Feature film is Cecil Howard’s tool. His ability to create color, passion, dissonance and surreal sexual landscapes comes across on film. We expect overwhelming visual strength from him. When using video, he must make concessions. The very nature of video doesn’t allow for the depth of perception, even if the director shoots the video in the same fashion he would shoot the film, as Howard does.
When he directed the AVN award-winning Dangerous Stuff, Howard created a new niche in the video genre which he hasn’t explored again, until now. With Snake Eyes 2, he expands the supernatural feel of the original film and makes a mini-soap opera, worthy of serious consideration.
Although the passions and confusions of the characters from the original Snake Eyes are intact, they seem a little less serious this time. Maybe it’s because we already know about the neurosis, or maybe the stark contrast to the film segments seem to disrupt the flow. But the story is still heads and tails above most of the other “serious” work being done on video, and Howard never forgets that his feature must turn people on.
Jerry Butler and Laurie Smith reprise their characters in different personae. This time, Butler plays a movie producer, whose love life is on the rocks. He’s a self-indulgent, lonely isolated person whose sexual odysseys run his marriage into a ditch. At no point are we sure that his dalliances are wishful thinking or real. But they do seem real to wife Laurie Smith who forsakes their idyllic monetary trappings for the blue-collar call of Joey Silvera.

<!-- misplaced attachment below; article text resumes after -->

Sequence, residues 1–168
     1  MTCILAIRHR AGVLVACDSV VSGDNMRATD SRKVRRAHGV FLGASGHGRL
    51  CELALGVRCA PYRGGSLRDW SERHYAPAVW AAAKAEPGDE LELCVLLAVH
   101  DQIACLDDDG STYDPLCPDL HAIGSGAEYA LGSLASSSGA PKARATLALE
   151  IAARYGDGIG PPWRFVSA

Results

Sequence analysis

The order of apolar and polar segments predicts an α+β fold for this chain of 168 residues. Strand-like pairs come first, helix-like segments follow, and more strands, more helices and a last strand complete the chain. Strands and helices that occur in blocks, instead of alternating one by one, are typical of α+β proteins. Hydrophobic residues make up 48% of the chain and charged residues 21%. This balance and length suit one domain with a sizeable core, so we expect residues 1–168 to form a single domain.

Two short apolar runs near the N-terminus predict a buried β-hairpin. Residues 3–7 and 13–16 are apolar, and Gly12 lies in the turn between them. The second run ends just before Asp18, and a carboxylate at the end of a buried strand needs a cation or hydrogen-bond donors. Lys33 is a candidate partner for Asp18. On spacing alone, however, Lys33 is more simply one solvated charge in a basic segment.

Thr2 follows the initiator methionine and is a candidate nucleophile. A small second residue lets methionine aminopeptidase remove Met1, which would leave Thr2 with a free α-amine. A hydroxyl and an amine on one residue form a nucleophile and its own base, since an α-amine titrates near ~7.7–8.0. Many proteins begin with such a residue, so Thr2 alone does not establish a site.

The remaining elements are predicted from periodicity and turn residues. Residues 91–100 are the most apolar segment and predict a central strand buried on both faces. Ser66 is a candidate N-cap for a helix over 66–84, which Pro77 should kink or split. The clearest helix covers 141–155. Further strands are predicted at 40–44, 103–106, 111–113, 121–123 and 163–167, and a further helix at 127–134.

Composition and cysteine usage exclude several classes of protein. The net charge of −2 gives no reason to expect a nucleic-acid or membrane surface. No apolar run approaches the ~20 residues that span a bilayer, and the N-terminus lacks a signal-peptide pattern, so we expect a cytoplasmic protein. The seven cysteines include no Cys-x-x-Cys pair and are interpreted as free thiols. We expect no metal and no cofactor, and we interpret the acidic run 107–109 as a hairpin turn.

Sexually, the characters tear into one another, making for many passionate moments. Butler’s scene with his secretary (Tasha Voux) is well-described when Butler comments “she f***s like a horse.” And Butler’s classic flashback with blonde Rikki Harte only confirms that this one performance captures a wild and visually stunning presence that is desperately needed in this industry.
Cecil Howard is his hardest act to follow. Snake Eyes 2 has already begun its climb up the charts and deservedly so. If you’ve seen enough of his films, you know you’d rather see him make movies. But given the restraints of video, this seems like a great one.